"The drumbeat is getting louder."
Hundreds challenge Trans-Texas Corridor at hearing
March 1, 2007
By TONY HARTZEL
The Dallas Morning News
AUSTIN – Texas' toll-road policies hit a pothole Thursday as Senate leaders and dozens of speakers railed against the Trans-Texas Corridor and other privately operated toll roads, including State Highway 121.
"We want a do-over," said Garland resident Willa Kulhavy, who drove to Austin to protest the Trans-Texas Corridor and the state's other toll road plans.
Sen. John Carona, R-Dallas, agreed.
"I think it's fair to say that many legislators who voted for this legislation in the past would like a do-over as well," said Mr. Carona, the chairman of the Senate Transportation and Homeland Security Committee.
The hearing marked the first time that Senate leaders held a meeting solely to question past major transportation legislation, including House Bill 3588 in 2003. That bill and another piece of legislation in 2005 paved the way for the Trans-Texas Corridor, Gov. Rick Perry's $181 billion vision for hundreds of miles of new toll roads crossing the state. The first corridor project will parallel Interstate 35, and portions could be open in six years.
Thursday's committee meeting featured more than 100 registered speakers and more than 500 written comments. An overflow crowd of more than 500 forced Capitol officials to set up television feeds in three committee rooms.
The hearing sets the stage for further debate as various bills limiting the scope of toll roads move through the Legislature. However, the chances those bills will become law could be limited because the corridor has supporters in the Legislature, and because the governor probably will support the department's approach. And while the Trans-Texas Corridor still appears likely, legislators could chip away at that plan.
Roads are questioned
The growing use of toll roads revolves around the need for more revenue for road projects. Lawmakers have been reluctant to raise gasoline taxes in the past, and that has led to a large number of toll road proposals. Senators say their constituents are beginning to question the toll-road push.
"I know what my colleagues and I are hearing, and it is growing in numbers," Mr. Carona said. "The drumbeat is getting louder."
Trust between lawmakers and the Transportation Department also is wearing thin.
"It's human nature. People have been led to believe there is some other agenda," Mr. Carona told transportation commissioners.
The daylong hearing also elicited rounds of applause for auditors and a smattering of boos for transportation commissioners. The state auditor's office drew applause after its presentation questioned the Texas Department of Transportation's accounting methods.
Auditors found $29 million budgeted for legal fees associated with the Trans-Texas Corridor. They also found that some of the Transportation Department's payments for expenses originally billed as Trans-Texas Corridor engineering costs should have been coded as spending on public relations efforts.
"To the extent anyone working for me has made a mistake in coding an invoice, it will be corrected," said Transportation Commission Chairman Ric Williamson.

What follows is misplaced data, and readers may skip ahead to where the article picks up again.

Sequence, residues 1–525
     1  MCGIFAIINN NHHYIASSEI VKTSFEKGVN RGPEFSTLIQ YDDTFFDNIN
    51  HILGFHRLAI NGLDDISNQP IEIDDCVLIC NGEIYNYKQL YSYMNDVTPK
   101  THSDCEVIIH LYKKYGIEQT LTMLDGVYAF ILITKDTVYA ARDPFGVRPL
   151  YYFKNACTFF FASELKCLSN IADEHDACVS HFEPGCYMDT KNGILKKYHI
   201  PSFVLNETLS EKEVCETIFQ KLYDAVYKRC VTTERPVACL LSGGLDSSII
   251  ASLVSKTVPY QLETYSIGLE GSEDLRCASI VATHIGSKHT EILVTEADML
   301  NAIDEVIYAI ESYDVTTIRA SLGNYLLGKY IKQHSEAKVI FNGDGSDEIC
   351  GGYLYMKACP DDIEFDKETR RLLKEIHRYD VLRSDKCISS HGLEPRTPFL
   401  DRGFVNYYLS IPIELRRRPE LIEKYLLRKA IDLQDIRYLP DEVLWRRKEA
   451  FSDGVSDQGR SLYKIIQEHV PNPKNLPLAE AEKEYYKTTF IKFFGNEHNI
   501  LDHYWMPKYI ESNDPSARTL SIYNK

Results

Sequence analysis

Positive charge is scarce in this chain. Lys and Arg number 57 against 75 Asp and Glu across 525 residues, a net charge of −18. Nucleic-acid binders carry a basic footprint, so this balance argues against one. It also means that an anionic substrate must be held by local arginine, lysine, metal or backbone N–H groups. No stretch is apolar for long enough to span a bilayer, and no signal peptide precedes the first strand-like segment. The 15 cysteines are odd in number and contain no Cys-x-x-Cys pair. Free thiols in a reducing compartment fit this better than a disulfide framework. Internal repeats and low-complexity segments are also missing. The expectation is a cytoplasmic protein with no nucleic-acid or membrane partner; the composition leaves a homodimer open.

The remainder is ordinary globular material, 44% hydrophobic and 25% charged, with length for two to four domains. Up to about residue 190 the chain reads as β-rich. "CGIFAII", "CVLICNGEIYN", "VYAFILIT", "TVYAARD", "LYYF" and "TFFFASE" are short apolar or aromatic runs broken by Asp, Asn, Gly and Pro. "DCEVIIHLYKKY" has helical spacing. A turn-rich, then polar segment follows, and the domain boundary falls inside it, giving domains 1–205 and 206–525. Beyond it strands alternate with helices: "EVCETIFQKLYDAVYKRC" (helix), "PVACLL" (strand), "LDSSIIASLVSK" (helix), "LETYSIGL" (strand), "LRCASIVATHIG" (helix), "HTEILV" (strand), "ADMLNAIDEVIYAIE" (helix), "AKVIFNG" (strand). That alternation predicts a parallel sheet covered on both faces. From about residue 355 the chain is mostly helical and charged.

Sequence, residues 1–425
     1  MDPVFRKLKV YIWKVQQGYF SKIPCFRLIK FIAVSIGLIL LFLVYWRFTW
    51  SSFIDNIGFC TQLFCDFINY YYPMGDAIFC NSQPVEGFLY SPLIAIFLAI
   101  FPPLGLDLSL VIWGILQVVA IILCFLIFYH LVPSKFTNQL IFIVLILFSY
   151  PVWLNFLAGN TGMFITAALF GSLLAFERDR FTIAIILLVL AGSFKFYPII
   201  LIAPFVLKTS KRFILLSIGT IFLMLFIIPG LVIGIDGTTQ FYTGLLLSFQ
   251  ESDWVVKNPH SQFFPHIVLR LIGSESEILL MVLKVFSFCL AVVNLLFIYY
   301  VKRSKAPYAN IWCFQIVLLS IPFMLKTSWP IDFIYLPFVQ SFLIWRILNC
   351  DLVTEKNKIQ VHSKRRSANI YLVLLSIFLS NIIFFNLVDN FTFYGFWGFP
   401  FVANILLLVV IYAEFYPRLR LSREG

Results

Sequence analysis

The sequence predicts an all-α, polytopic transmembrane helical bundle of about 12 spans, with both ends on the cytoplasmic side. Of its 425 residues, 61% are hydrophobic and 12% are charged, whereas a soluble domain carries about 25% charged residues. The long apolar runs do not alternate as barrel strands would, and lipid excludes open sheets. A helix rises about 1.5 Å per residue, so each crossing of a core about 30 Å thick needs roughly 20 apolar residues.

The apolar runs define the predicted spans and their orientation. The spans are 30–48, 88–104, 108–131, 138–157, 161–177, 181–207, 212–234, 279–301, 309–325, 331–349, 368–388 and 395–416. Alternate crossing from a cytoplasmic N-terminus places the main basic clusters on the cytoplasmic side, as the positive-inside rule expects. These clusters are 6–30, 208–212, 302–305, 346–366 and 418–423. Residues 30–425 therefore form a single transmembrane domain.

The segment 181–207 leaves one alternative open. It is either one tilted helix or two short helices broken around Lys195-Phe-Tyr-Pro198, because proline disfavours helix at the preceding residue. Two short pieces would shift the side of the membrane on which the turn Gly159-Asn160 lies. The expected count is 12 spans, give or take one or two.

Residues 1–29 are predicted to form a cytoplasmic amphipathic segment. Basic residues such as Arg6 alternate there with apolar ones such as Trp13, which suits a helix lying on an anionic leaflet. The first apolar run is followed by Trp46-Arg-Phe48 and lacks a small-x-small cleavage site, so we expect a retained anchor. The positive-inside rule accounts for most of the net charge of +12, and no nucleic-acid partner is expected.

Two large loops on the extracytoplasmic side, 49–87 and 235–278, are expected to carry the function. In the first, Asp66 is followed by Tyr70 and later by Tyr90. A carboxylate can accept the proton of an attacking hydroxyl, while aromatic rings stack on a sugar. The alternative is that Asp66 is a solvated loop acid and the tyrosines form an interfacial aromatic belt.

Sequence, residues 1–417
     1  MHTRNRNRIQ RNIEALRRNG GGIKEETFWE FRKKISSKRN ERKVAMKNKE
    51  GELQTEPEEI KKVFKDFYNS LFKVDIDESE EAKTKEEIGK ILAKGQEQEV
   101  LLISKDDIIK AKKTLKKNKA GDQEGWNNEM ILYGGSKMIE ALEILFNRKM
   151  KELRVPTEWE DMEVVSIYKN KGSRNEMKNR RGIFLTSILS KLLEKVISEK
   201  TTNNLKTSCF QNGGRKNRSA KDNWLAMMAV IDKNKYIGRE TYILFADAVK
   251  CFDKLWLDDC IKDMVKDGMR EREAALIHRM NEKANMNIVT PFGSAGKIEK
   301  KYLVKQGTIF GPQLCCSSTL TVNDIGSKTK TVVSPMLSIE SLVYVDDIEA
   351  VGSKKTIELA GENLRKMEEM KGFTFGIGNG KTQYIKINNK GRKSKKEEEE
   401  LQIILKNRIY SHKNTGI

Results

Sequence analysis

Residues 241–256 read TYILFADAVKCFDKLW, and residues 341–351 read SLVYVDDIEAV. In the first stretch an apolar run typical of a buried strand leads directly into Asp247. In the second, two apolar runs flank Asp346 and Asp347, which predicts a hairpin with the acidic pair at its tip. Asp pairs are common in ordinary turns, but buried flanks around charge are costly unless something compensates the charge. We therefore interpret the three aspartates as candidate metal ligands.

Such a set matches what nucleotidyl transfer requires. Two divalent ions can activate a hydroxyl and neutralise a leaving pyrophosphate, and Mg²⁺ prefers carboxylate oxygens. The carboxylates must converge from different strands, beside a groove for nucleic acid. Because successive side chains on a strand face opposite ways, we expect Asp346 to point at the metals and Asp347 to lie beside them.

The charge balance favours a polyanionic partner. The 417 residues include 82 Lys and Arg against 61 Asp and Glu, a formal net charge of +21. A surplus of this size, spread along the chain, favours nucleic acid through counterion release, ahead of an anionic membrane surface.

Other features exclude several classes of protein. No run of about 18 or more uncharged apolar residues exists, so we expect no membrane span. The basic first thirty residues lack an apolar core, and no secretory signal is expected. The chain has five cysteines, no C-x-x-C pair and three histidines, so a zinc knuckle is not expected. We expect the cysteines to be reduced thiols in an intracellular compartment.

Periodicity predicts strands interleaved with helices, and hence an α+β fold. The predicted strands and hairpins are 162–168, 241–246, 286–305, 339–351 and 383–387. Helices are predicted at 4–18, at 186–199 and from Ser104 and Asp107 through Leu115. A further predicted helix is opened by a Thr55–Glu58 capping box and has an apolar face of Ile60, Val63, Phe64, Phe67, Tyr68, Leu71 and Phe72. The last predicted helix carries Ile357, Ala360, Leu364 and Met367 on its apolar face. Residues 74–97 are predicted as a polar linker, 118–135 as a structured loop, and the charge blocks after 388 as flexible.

The state needs up to $86 billion to meet its upcoming road-building needs, and the only real option the Transportation Department has is toll roads, Mr. Williamson said.
"There was no way, short of inviting the private sector into our world, that we were going to be able to bridge that $86 billion gap," he said.
Taking back control
Elected leaders from Hill County, Montgomery County, Cooke County, Wharton County and many other areas spoke against the toll road plans, with some urging lawmakers to wrest control of transportation policy back from the state Transportation Department.
"We've given too much away to the [Texas Transportation] Commission," said former Hillsboro Mayor Will Lowrance, chairman of the Hill County Historical Commission. "Please take charge of transportation in the state of Texas, and people will be behind you."
Members of the committee, which also includes Sens. Kim Brimer, R-Fort Worth, and Florence Shapiro, R-Plano, discussed this week's approval of a multibillion-dollar deal to turn over the State Highway 121 project to a private builder and operator for the next 50 years. Of particular concern to those lawmakers was wording of the Highway 121 deal to allow toll rates to rise automatically every two years.
Some estimates show that toll rates could rise from 14.5 cents per mile in 2010 to 70 cents per mile or more by the end of the deal in 2057. A trip on the 24-mile toll road would cost about $3 in 2010, and could rise to about $15 in 2057.
Such deals have led lawmakers to file bills that would halt any more toll road deals with private groups. While politically popular, such a move could harm Tarrant County, which is working on two major projects that could open in a few years.
"We can't wait. We need it done," said North Richland Hills Mayor Oscar Trevino.
House Bill 857 – Repeals authority for the establishment of the Trans-Texas Corridor
House Bill 962 and Senate Bill 165 – Provides for annual increases to the state gas tax based on inflation
House Bill 998 – Prohibits creation of any new Texas Department of Transportation toll roads until 2009
Senate Bill 275 – Limits the time a private group can collect tolls on a state highway to 30 years
Senate Bill 386 – Requires that tolls on state roads be set at a rate no higher than needed to cover costs and meet financial reserve requirements
© 2007 The Dallas Morning News Co
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